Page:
Material engineering and design are greatly influenced by the booming of green products like biocomposites. Scientists and engineers have entrusted on utilizing bio fibers for their being constructive and cost-effective to produce materials suitable for different application sectors. In recent years biocomposites have received great acceptance in all fields of life such as, packing, construction, boats, machinery, office products, aerospace, sports, recreation equipment, structural components, medical, electrical and electronic industries [1-6]. Various types of natural fibers have been investigated as reinforcement for their use in polymers such as wood fiber, sisal, kenaf pineapple, jute, banana and straw. The use of natural fiber composites is promoted by their advantageous material properties in comparison with synthetic fiber like glass or carbon fiber composite [7]. Biocomposites have captured global interest due to their low prize, non-polluting nature, renewability, non-abrasiveness, impact strength, delicate and easy processability [8–13]. Despite having these advantageous properties, their applications are limited compared with petroleum-based synthetic products due to relatively low tensile strength, thermal stability and low stiffness [14,15]. The study of bio fibers as reinforcement has revealed that the properties of such composite can be improved by incorporating two or more fibers in a single matrix. This type of hybridization is one of the significant methods which helps to cover up many limitations of natural fiber reinforced composite. The lack in one fiber property can be adjusted with another one by choosing a suitable combination of fibers which would enable them to be a better substitute to synthetic composites [16-19]. Proper selection and design of fibers could produce cost-effective novel biocomposites with improved properties.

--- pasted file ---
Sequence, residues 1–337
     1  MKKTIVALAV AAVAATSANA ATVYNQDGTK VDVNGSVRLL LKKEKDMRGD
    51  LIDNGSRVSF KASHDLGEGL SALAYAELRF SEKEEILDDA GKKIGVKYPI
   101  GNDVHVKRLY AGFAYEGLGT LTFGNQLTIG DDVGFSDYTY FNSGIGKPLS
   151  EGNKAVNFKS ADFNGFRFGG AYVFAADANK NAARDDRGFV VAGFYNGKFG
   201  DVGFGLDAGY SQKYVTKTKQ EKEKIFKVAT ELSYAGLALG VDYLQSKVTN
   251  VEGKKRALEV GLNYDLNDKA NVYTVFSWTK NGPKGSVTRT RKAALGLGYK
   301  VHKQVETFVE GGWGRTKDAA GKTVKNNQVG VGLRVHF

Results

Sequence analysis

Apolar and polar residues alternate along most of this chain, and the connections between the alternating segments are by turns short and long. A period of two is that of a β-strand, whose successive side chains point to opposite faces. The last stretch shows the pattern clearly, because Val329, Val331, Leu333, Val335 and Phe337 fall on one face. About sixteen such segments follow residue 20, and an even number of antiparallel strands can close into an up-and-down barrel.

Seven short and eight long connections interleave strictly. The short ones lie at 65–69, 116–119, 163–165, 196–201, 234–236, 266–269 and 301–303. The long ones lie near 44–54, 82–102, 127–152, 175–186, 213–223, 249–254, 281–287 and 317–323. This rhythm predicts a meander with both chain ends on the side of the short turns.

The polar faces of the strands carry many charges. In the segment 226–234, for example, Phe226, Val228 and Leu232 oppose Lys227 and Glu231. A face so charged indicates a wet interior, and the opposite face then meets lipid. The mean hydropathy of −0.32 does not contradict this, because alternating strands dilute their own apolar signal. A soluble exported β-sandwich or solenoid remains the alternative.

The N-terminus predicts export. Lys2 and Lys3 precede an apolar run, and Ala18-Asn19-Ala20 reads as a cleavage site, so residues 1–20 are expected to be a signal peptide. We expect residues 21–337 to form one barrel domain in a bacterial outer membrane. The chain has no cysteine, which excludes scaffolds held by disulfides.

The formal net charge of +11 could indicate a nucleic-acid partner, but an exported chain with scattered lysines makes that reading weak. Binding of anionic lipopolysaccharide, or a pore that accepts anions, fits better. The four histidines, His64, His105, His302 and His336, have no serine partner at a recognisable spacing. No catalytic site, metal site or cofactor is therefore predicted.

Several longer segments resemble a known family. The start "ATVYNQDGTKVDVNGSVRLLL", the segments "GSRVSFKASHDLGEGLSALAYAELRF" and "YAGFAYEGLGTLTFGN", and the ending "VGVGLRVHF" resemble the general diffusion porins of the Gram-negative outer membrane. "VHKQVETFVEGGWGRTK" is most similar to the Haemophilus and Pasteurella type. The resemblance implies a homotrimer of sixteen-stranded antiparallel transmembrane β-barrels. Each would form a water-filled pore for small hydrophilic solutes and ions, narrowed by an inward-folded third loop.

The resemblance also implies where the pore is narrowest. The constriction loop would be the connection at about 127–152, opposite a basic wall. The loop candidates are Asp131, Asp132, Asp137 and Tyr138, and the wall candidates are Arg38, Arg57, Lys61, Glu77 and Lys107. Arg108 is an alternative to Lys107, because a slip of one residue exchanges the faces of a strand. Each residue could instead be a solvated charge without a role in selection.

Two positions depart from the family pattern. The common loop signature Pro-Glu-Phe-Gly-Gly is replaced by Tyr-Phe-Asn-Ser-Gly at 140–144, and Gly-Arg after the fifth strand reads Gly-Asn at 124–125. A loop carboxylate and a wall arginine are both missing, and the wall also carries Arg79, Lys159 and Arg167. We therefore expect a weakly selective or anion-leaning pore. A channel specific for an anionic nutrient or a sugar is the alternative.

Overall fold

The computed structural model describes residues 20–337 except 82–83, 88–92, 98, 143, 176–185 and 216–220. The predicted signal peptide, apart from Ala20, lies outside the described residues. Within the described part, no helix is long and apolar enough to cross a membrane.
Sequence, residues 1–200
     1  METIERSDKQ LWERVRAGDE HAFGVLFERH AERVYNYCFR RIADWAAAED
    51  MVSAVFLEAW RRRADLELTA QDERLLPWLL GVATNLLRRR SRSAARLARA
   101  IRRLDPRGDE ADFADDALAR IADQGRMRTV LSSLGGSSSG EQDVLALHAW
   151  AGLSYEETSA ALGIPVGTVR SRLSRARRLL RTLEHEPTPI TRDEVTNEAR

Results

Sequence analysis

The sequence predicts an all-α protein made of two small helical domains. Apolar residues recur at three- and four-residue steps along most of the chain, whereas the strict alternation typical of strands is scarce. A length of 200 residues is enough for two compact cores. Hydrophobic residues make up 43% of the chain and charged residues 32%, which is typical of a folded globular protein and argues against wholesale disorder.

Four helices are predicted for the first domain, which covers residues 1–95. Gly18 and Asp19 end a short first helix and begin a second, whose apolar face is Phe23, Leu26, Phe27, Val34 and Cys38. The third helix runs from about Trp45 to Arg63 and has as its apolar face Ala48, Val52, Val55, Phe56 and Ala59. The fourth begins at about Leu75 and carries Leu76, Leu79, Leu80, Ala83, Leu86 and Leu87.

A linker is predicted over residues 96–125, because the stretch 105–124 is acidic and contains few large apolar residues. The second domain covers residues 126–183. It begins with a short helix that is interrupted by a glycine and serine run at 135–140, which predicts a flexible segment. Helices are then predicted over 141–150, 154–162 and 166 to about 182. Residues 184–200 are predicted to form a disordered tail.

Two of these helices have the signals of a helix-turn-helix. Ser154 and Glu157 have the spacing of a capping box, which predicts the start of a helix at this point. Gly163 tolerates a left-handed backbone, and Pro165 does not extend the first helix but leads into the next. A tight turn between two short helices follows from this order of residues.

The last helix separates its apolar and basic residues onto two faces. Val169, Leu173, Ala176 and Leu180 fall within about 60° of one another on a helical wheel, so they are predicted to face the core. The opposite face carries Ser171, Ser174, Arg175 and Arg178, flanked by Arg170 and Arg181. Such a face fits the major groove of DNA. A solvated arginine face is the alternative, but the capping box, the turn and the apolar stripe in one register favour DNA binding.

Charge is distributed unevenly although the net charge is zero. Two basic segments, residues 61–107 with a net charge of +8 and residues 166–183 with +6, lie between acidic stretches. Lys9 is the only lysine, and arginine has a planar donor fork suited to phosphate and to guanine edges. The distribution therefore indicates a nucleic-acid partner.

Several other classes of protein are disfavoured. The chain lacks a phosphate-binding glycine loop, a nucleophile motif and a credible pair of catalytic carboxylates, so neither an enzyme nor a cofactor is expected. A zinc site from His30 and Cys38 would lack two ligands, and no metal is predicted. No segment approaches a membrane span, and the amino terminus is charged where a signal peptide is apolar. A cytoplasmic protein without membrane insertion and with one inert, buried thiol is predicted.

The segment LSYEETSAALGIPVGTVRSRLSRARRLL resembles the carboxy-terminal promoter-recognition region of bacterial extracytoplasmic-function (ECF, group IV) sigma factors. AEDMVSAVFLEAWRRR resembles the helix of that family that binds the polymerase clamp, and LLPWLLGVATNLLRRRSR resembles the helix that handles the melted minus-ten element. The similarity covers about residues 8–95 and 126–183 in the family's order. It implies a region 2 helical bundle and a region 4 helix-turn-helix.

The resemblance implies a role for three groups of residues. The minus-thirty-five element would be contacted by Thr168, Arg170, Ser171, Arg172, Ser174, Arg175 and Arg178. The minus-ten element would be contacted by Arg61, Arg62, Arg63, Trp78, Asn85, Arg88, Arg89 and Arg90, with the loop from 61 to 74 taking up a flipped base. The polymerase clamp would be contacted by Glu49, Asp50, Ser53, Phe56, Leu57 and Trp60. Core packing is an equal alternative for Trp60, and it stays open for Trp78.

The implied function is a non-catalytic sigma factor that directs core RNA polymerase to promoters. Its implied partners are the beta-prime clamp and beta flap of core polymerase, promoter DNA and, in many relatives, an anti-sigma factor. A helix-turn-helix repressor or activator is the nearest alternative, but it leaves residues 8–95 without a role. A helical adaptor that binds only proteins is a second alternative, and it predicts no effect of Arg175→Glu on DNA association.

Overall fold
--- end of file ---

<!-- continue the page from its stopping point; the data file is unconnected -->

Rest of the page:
Woven fabrics as reinforcement are getting research interest due to their easy processing, good mechanical properties, good integrity and stability [20]. Woven hybrid fiber in the wrap and weft plain weave structure provides more balanced properties. Many studies have reported on excellent properties of woven hybrid fiber composite [21-24].